terrorist attacks. The Law Society agrees. They said that they understood the Government’s urge to do something, but the
rush would lead to bad lawmaking. Even adding a couple of weeks, they continued, could have dramatically improved the
And Don’t Forget
Another detail that has escaped widespread coverage is that semi-automatics are already legally on lockdown. An
Order-in-Council signed by the Prime Minister the week after the attacks effectively said that only people with the
high-level E Category license could buy, sell, or otherwise use semi-automatic weapons. The Order is temporary, but it
doesn’t expire until June 2020. That takes care of the need for urgent action.
The Government has also signalled it will start progressing a new law almost immediately after this law passes. That
could be our cautious, consultative, deliberative approach to effective problem solving. It’s difficult to avoid the
conclusion that the current hasty process is more about political theatre than public safety.
Three Tests of a Proposed Law
Even if you don’t care about parliamentary procedure, you should care what laws come out the other end. For any law you
should ask three questions. One, what’s the goal? Two, do we think it will work? And three, will there be negative side
No. 1: The Objective
The real goal is to be safe from the kind of terror seen in Christchurch last month, but that is a complex and ongoing
task. With this legislation the Government aims only to remove military-style semi-automatics and assault rifles from
our community because that’s what the terrorist used.
No. 2: Will It Work?
We’ve never done it before, but other countries have. The best estimates are that the Australians managed to buy back
between 40 and 80 per cent of the prohibited firearms in their country. There’s no sensible reason to think we’d do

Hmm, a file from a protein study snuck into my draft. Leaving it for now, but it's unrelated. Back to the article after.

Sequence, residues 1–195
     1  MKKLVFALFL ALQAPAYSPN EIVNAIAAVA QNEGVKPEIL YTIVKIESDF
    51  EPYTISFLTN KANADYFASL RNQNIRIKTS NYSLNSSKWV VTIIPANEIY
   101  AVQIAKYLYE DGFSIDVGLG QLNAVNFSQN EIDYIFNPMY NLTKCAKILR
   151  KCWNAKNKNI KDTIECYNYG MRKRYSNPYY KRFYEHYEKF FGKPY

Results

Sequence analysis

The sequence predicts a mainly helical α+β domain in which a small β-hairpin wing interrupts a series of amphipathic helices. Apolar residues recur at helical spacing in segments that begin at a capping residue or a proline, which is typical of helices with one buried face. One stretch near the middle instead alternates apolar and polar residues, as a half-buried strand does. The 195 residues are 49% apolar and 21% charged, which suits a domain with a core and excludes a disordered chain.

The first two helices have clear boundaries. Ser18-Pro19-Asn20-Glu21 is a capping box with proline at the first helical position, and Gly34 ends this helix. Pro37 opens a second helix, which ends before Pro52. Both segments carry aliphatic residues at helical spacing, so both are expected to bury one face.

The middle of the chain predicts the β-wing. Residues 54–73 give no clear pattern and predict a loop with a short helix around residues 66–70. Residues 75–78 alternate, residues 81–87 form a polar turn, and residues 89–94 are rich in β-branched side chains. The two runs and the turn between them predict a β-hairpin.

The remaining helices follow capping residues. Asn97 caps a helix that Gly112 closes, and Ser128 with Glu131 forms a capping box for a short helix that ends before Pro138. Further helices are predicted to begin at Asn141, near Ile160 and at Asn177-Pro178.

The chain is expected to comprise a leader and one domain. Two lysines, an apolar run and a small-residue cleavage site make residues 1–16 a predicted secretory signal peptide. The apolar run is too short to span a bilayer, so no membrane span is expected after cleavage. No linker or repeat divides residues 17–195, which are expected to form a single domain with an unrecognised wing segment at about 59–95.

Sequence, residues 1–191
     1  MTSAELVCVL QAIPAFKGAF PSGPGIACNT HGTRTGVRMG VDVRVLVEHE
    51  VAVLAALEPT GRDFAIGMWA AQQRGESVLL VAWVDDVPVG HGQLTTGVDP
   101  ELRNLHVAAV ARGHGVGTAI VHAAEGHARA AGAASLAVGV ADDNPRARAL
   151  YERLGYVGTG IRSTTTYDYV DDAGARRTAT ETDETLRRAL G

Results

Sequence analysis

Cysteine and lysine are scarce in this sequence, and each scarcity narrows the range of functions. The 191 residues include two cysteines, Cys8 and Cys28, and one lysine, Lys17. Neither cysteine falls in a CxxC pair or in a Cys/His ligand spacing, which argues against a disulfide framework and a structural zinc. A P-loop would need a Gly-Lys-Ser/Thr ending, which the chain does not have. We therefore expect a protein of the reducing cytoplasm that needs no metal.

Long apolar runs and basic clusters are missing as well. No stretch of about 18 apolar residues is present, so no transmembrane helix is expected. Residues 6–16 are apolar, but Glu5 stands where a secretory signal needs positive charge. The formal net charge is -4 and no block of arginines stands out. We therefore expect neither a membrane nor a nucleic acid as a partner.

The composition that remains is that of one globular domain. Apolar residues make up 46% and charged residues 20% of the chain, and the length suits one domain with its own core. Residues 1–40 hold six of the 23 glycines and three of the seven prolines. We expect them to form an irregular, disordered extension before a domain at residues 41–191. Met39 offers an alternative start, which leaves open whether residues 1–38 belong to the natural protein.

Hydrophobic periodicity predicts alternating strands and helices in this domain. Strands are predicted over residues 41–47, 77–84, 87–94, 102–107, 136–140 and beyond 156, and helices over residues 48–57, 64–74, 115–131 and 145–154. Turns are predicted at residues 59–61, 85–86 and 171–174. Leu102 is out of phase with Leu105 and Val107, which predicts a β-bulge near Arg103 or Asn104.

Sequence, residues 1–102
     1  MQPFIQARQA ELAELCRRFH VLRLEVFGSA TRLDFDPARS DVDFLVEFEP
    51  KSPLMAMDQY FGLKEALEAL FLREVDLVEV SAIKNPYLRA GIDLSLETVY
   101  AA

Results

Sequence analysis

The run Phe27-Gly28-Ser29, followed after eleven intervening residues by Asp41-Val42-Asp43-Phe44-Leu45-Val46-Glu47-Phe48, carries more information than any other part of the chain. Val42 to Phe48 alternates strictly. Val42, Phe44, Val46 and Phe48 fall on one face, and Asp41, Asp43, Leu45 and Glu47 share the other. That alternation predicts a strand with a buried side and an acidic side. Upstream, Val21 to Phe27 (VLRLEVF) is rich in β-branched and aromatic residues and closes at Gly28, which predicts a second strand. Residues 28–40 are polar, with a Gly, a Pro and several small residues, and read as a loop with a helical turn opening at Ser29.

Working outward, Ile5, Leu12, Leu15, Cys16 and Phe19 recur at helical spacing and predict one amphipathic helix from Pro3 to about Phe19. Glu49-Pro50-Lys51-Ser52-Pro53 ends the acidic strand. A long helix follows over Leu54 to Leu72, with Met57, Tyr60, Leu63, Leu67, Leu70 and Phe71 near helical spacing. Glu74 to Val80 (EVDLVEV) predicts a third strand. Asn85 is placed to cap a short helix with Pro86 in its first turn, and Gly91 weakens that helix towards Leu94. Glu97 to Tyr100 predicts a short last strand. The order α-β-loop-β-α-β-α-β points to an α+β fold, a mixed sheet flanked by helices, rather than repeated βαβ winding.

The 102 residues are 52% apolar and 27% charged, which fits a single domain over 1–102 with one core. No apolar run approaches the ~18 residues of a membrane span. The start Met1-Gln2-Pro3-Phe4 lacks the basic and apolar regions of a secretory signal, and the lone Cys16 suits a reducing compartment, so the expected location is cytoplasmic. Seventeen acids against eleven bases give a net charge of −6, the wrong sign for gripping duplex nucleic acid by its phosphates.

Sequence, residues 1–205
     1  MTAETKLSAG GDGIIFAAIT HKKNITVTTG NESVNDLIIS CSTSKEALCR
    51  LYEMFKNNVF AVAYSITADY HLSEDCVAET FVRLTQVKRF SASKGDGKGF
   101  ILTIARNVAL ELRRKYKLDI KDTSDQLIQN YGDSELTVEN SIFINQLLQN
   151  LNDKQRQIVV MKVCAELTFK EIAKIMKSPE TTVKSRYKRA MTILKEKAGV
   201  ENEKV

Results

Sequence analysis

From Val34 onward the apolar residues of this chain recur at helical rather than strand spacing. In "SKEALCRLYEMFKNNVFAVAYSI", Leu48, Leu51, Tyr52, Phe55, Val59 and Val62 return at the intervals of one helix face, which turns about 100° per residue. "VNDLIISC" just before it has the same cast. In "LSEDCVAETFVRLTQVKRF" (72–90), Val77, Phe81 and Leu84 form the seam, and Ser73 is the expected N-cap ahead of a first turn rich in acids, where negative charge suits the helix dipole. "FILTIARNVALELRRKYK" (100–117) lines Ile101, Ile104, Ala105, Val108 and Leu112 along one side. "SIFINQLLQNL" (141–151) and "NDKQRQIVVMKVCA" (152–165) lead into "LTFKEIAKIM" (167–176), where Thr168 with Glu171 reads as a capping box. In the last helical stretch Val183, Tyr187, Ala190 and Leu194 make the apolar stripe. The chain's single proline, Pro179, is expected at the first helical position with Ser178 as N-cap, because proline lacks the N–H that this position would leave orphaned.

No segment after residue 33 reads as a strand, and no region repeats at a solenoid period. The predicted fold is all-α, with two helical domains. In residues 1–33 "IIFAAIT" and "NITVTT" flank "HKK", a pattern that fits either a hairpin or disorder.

better. It’s no wonder the Australian ban did not reduce gun deaths. The issue is often confused by the fact that gun
deaths started plummeting there from the mid-1980s, but people who study the statistics rigorously find that the 1996
ban did not make them plummet any faster.
No. 3: Unintended Consequences
What of the side effects of this hasty process? One is an erosion of the respect for law. Many in the legitimate
gun-owning community are very unhappy with the Government and the law it is making. Just when we need them as allies in
gun safety, the Government is treating them with contempt.
A Dog’s Breakfast
Altogether we will probably be less safe after this law passes. It didn’t have to be like this. The Prime Minister could
have extended her usual leadership style to getting people around the table and working out how to actually be safer.
Alas, that process will likely now start with the second tranche of legislation haunted by the bitter aftertaste of this
ACT will continue to to scrutinise the Government’s actions, hold it to account, and ensure voters are heard. It’s
important we maintain our tradition of sober, robust law-making at all times, but especially now. The best way to show
defiance in the face of terrorism is to refuse to erode our democratic institutions. If you’d like to contribute to our
efforts, you can do so here